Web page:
pleasant, smiling and saying hello when Ji-young introduced herself.
Walking back down the road toward my house with Ji-young, I felt a new
awareness of my surroundings, like I was seeing this familiar place
through new eyes. I recognized for the first time that my
neighborhood had been built with strong oriental design elements--the
rooflines, the proportions, even the colors and materials seemed to be
very oriental. This awareness seemed to grow stronger and more
vivid, which surprised me because I've walked down this road many times
and never noticed the oriental influence, but it was undeniable: there,
before my very eyes, I watched as my neighborhood seemed to become more
and more oriental until it was so real and unavoidable that I felt as if I
were suddenly and truly walking through a Korean village on my way home
from the post office. I wondered seriously, and a little desperately,
about whether this was real, whether I was experiencing a substantial
intuition about other lives and other places, or having some sort of
flashback. Unable to decide, I said to myself "Why resist? This is an
eye-opener, a free trip to the orient, take it!", and I tried to shut down
my analytical mind (like suspending my disbelief when reading fiction,
know what I mean?) so that the experience could take root, undisturbed.
In doing that, this sense of seeing through other eyes grew
tremendously--I had a powerful feeling that I was no longer tied down in
my little corner of the world, but had diversified in some new way, such
that I was now walking through more than one place. "If this is what it is
like to host a foreign student," I thought, "sign me up!" I don't
think I can adequately describe what I was feeling. Suffice it to
say that it was a shockingly new awareness, for me. It was
thrilling--I wondered if this was what it is like to be two places at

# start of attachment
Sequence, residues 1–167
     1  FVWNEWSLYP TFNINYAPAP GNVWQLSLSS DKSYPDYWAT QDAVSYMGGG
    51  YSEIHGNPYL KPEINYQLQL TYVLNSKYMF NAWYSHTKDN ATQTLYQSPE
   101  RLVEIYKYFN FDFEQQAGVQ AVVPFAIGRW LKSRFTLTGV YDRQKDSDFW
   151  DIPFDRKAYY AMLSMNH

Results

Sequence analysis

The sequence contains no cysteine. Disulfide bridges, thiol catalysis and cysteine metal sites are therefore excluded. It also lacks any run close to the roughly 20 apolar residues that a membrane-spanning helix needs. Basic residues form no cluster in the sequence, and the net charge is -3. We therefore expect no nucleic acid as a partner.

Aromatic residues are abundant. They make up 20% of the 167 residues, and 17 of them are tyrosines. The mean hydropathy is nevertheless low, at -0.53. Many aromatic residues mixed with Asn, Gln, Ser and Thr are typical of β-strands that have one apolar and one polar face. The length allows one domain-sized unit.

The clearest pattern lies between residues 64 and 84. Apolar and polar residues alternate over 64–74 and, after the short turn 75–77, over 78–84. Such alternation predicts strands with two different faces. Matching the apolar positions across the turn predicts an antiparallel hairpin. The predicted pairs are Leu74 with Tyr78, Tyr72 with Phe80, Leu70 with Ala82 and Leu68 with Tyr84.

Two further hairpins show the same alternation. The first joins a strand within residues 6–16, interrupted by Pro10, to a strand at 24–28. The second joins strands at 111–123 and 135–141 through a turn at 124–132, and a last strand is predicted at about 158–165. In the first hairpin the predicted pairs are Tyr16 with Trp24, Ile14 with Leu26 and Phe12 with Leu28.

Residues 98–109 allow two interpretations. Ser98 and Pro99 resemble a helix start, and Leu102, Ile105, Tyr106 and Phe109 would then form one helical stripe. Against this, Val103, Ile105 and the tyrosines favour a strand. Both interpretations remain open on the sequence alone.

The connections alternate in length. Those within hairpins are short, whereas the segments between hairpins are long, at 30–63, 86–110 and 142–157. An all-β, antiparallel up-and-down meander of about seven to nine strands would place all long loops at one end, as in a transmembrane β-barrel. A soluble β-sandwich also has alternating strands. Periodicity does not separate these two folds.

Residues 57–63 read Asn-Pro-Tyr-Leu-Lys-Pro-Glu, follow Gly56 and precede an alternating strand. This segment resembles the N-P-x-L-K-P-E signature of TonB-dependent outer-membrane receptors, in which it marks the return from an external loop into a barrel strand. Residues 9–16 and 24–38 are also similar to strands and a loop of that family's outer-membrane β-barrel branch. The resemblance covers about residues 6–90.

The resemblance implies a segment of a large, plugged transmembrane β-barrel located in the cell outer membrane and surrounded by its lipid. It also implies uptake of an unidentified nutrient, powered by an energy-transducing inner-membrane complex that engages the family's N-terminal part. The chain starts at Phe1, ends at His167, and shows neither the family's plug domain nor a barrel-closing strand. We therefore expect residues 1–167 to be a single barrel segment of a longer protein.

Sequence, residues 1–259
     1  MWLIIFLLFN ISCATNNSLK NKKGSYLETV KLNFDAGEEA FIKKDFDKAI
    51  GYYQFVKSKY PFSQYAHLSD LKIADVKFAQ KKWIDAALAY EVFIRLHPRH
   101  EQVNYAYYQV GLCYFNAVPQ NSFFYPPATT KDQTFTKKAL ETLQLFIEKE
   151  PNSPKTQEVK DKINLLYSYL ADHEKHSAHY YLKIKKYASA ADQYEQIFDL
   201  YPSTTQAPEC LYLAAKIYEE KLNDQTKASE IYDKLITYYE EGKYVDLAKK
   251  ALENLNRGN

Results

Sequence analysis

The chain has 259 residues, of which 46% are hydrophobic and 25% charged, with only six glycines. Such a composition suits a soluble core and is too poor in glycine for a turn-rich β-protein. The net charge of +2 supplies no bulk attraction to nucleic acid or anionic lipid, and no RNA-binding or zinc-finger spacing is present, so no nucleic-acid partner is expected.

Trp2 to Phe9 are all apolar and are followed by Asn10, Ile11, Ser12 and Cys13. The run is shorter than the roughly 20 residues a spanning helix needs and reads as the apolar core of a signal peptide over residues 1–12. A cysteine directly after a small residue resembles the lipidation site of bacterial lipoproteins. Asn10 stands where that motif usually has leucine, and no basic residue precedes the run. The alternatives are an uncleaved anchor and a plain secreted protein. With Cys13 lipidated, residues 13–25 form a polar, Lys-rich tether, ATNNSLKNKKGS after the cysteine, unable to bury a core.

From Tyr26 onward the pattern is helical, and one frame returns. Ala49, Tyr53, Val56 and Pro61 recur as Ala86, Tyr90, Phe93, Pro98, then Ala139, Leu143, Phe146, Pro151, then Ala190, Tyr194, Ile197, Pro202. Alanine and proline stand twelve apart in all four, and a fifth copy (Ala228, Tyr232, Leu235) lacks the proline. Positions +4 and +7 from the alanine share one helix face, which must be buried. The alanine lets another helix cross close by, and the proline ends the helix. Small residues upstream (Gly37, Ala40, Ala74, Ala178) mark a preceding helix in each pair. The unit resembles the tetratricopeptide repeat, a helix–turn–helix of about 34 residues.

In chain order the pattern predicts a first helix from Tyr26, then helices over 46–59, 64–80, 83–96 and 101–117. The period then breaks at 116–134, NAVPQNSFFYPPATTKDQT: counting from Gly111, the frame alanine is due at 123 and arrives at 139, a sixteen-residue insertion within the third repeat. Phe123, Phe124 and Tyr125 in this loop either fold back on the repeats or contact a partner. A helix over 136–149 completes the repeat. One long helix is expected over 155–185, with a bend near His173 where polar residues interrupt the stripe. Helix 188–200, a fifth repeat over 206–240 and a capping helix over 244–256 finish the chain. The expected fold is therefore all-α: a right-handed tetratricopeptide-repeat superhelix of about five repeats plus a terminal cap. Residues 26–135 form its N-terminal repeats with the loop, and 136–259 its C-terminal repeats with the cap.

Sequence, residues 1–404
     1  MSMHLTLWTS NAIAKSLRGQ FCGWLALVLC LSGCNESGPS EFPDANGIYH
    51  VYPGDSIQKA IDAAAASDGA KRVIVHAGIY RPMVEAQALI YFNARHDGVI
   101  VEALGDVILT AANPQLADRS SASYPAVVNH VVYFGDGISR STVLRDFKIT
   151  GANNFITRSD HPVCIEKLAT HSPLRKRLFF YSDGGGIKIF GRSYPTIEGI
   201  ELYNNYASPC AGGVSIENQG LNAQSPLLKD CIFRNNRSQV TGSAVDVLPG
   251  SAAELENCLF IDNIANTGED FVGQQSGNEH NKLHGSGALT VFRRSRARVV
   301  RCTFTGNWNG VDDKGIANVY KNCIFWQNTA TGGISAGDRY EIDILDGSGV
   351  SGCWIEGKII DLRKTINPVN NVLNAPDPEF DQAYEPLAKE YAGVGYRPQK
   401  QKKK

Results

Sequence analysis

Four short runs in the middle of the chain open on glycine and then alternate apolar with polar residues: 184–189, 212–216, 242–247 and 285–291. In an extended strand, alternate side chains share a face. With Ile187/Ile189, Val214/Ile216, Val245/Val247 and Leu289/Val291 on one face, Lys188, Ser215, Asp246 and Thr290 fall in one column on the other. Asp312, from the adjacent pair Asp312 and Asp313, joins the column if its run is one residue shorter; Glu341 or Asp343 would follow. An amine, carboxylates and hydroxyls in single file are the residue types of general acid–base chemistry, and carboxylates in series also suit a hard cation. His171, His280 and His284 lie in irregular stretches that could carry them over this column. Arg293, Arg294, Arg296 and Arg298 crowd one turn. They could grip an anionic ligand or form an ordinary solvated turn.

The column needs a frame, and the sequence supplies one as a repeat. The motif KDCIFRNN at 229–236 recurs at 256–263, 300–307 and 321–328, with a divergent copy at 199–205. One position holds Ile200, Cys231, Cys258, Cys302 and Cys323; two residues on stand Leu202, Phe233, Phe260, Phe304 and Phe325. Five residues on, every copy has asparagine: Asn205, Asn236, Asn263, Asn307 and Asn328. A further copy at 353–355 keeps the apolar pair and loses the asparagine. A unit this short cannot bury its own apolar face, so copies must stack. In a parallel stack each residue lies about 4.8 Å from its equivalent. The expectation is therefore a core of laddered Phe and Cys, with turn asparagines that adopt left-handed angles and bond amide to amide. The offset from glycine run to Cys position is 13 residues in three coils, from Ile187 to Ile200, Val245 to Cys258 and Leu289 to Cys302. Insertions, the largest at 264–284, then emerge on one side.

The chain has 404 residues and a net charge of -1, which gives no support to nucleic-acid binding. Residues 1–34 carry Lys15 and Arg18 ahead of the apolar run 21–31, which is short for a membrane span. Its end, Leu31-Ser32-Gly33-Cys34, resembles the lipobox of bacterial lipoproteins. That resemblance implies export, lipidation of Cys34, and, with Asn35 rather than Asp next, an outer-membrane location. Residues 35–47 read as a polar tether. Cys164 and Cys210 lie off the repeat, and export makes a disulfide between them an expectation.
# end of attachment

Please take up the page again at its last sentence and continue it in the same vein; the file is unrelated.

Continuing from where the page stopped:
once? or if I could be more, even many places at the same time? even
as I was walking through my little neighborhood at this firmly fixed
latitude and longitude.
At that moment when I understood the distant extents of my
neighborhood, I suspect that I too exclaimed aloud, an inarticulate,
involuntary utterance full of amazement. I don't know if I did, but
I hope so. Such uninhibited expressions are a sure sign, I
believe, of an experience that is very good for the soul.
Thank you, Ji-young. We hope you enjoyed your visit with us as
much as we enjoyed having you.
My stay in McMinnville, Oregon
Aurora and her husband hosted me. She is a long
time friend of Duane's.
Mom, I have this new job. I told them that I knew
how to drive a car.
I am learning to take and give reports. This is
all about the bad guys.
Don't worry mom, they promised to spend the entire
morning teaching me to ride.
Mom, this has been a very important 10 months that you
have allowed me to stay in the USA and learn about life. I have some
important news for you and dad. Are you sitting down?
Staying with Paul and Margaret Cole in Independence,
Ji-Young, Paul and Tanner at Moe's Restaurant
(Oregon's best clam chowder) in Lincoln City, OR
Ji-Young in the distance getting blasted by the sand and wind. Oregon
is full of contrasts, it was 60 degrees and windy at the beach that day
and over a 100 degrees just 45 minutes away in Independence, Oregon.
Ji-Young thought I was kidding when I recommended she bring a sweater
Ji-Young went back to the pick up to get her sweater
again, at Depoe Bay, OR
Ji-Young and Margaret at Silver Falls State Park. Getting away from the
heat again to a wooded area that has many falls.
Ji-Young in Portland at the youth hostel. It was another 100+ day and
she and I and Tanner were really hot. We tried walking to Powells book
store but the puppy couldn't make it in the heat.
This was also in Lincoln City. Paul and Ji-Young are
watching folks make glass floats at a glass blowing demonstration.
28 June, 2006
How are you doing? I am at Portland airport now, waiting for the flight
that goes to Oakland. I will go straight to my friend's house, where
I put all my bags.
It was one great travel, I had so much fun with the total strangers.
All the families tried very best for me to feel comfortable and have fun.
Boy, I am impressed.
I cannot believe that I am leaving here the day after tomorrow. I
have such good memories that half of me is reluctant to leave even though
I miss my family so much. Anyways, next time, I will email you from
Seoul. Take care and please say hello to Linda. THANK YOU!!!
(l. to r.) Father, Sister, Aunt, Mother and Ji-young in
Come back, more added when she
sends me photos from her camera